The iPad Air is here, and the new iPad Mini with Retina is coming soon. Normally, we’d tell you how to sell your old iPad to help finance your new one. But, according to uSell, a ton of you are keeping old gadgets around and not selling them to Amazon, Gazelle or anyone. Even worse, uSell claims that, even though you’re keeping old gadgets, you don’t know what to do with them and they just sit around, unused.
Y’all, we need to talk. Don’t just let that older iPad sit there gathering dust. If you don’t have someone to hand it down to, put it to work. It might not be the newest, the thinnest, or have a Retina display, but it can still serve a purpose. Here are a few ideas.
Mount your iPad to the wall
With your new iPad in hand, you won’t need the old iPad right by your side, so why not mount it to the wall semi-permanently? Then it’s out of the way yet still accessible for all the uses we’ll put it to below. You can mount it next to your bed, in the kitchen, or near that other place in your house family members pass so often.
There are several mounting solutions ranging from dirt cheap to expensive. The best one depends on where the iPad will live and how movable you want it to be. The Joy Factory Tournez wall/cabinet mount features an articulating arm that mounts permanently (the iPad is removable easily). If permanence isn’t your groove, the Sea Sucker mounting system uses powerful vacuum cups to attach to both the iPad and a smooth, flat surface. For a more minimalist approach (and a more attractive one), the MagBak makes it possible to mount the iPad on any magnetic surface and comes with O-Rings so you can mount the tablet on any other walls, too. The Boomerang combines a minimalist iPad stand+case and a mounting system that will attach to any surface via magnets, adhesives, or screws.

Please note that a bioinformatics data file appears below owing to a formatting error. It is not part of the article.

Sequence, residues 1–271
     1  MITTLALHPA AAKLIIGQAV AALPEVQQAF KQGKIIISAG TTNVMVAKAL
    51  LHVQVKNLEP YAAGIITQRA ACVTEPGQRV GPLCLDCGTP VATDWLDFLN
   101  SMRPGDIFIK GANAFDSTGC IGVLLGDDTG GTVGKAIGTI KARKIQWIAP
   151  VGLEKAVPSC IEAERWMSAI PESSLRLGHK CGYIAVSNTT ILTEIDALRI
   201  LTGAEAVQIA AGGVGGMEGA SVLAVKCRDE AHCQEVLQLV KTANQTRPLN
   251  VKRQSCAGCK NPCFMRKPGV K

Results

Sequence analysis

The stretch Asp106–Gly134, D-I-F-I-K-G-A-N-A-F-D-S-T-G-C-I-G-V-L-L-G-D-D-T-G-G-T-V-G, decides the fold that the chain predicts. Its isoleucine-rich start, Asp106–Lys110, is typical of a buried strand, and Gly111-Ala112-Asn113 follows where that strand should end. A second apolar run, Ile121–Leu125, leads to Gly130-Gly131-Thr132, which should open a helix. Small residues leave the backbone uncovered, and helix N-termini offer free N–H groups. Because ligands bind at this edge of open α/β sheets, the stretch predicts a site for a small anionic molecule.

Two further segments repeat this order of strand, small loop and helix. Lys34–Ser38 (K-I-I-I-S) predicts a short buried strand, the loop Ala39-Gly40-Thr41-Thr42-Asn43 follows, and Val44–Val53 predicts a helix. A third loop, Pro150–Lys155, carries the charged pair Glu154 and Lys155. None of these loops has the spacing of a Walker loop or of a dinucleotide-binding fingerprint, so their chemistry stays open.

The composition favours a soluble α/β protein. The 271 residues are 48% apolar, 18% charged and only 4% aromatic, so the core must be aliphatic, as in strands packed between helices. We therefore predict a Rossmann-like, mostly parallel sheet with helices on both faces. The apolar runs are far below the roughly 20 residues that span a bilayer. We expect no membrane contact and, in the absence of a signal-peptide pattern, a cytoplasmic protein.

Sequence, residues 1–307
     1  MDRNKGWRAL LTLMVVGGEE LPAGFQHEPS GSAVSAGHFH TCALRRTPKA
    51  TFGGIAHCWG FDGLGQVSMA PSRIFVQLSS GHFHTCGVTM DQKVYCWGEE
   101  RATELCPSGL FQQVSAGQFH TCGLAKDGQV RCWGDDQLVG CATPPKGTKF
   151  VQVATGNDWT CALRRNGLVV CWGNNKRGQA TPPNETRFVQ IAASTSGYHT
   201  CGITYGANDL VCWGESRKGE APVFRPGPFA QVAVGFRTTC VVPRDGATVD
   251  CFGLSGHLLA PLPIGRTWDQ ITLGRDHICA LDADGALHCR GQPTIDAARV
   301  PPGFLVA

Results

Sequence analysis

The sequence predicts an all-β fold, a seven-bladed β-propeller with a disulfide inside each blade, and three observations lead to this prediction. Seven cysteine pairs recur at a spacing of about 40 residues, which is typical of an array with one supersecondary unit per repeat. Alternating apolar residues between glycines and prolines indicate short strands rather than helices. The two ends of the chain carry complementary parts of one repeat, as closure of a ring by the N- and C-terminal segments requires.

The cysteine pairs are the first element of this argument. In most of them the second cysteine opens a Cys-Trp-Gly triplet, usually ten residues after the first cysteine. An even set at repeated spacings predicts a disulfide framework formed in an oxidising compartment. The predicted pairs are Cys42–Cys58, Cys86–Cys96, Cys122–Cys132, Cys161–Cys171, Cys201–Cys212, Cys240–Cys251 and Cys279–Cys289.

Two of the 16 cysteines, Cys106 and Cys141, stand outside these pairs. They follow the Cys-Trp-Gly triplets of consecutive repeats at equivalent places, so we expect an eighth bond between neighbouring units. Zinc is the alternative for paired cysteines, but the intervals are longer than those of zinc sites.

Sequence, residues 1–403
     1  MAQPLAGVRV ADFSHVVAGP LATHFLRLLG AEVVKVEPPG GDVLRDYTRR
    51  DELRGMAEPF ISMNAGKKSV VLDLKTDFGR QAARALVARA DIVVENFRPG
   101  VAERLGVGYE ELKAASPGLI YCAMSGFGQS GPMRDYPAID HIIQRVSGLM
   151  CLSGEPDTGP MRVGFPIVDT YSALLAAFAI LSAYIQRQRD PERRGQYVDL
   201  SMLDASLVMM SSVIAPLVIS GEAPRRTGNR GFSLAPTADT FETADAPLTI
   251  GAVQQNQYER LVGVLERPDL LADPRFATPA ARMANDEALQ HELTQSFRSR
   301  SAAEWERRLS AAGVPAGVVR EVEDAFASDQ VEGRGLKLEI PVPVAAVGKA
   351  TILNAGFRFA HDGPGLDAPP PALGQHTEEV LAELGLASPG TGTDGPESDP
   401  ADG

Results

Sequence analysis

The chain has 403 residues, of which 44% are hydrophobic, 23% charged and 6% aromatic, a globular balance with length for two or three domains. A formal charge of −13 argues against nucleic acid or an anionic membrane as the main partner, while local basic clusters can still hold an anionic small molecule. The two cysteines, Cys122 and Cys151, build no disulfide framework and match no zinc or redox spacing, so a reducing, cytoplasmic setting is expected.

Of course, you can also DIY a mount with some 3M Command hooks, like this. The white, plastic ones will get the job done, but you might want to check out these nicer-looking brushed nickel hooks if you want the setup to look a bit fancier. If you don’t plan to move the iPad much and want a flushed look, good, old-fashioned Velcro will hold the tablet up just fine. We suggest attaching the Velcro to a simple iPad case just in case you decide to sell or do something else with it down the line.
Turn your iPad into a digital photo frame
Remember digital photo frames? If you’ve been in a Radio Shack or the photo section of a big box store lately you may have spied a couple still around. Sadly, they are never as easy to connect or update as they promise. Your old iPad can do the digital frame thing much better.
There’s a built-in Picture Frame feature on the iPad (look under Settings > Photo Frame) that will pull from pictures in your Photo Stream and albums and offers a few standard transition options. But that’s basic and boring. Plus, you might not have all the pictures you want to show on your iPad or in iCloud. Consider one of these apps (compatible with iOS 5/5.1, so they can work with any iPad, even the original):
Unbound HD for Dropbox: This is a good solution for people who want to be more select about the pictures they show. Unbound is a photo browser for Dropbox that happens to have a slideshow function. The great thing is that you can point it to a specific Dropbox folder to grab photos. It’s easy enough to move images in and delete them if you don’t want them in your slideshow using Dropbox’s web interface. It’s a great solution if you plan on giving the iPad to a less tech-savvy family member. Drop in the latest photos of grandkids or nephews and nieces and, surprise, they show up in the app automatically!